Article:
At the base of Monticello Mountain, and within the bounds of the Southern Albemarle Rural Historic District, Sunnyfields is the core of a 522-acre plantation established in the 1830s by William B. Phillips, a prominent master mason. The house was presumably designed and built by Phillips for his own residence. In 1818, Phillips was selected by Thomas Jefferson to serve as a principal builder for the University of Virginia, the largest state building project of its time. Phillips was the brickmason for the Rotunda, the anatomical theater, Pavilion X, Hotel C, many of the dormitories, and the serpentine garden walls. After the university, Phillips continued his career by building several county courthouses, including Madison (1830), Page (1833), Greene (1838) and possibly Caroline (ca. 1830). These buildings, including Sunnyfields, incorporate the fine brickwork and academically correct classical detailing for which Phillips was known. On the grounds is a long servants’ quarter and the remains of a large terraced garden.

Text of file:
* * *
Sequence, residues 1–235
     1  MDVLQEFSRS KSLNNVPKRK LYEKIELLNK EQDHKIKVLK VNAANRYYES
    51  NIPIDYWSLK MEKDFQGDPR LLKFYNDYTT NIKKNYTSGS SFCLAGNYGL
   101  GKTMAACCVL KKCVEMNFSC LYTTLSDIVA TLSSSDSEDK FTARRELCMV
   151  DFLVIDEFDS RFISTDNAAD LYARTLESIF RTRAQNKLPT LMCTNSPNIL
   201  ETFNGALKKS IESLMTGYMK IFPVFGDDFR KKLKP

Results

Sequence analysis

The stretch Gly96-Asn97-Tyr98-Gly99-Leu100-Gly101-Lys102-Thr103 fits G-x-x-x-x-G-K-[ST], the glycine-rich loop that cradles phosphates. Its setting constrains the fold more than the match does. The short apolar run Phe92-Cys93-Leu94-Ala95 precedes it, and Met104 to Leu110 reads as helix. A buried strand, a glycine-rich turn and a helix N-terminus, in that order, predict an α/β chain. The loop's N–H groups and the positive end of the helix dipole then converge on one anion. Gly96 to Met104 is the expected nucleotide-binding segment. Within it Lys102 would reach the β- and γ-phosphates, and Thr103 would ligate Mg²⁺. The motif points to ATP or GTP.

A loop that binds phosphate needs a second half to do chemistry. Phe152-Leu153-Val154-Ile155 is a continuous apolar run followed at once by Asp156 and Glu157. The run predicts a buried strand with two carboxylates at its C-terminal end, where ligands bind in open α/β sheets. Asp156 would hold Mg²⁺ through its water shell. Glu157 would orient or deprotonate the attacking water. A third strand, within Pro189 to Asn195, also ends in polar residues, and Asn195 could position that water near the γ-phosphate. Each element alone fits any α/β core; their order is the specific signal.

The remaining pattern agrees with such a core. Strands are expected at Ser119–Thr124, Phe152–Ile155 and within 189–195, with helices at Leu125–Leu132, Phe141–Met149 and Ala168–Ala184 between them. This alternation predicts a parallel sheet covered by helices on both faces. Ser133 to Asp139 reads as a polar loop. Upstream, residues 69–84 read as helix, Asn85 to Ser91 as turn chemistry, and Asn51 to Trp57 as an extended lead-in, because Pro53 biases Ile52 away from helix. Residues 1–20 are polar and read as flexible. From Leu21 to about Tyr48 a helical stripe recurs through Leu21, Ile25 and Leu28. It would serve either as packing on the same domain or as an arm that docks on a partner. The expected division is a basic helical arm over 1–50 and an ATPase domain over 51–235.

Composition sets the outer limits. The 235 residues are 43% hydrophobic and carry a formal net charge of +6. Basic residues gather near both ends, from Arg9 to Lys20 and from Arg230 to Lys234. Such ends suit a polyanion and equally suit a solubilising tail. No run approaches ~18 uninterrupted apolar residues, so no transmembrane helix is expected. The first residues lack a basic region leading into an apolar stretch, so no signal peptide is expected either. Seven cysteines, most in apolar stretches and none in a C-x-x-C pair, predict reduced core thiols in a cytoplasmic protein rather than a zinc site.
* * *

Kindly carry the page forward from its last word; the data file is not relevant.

Many properties listed in the registers are private dwellings and are not open to the public, however many are visible from the public right-of-way. Please be respectful of owner privacy.
VLR: Virginia Landmarks Register
NPS: National Park Service
NRHP: National Register of Historic Places
NHL: National Historic Landmark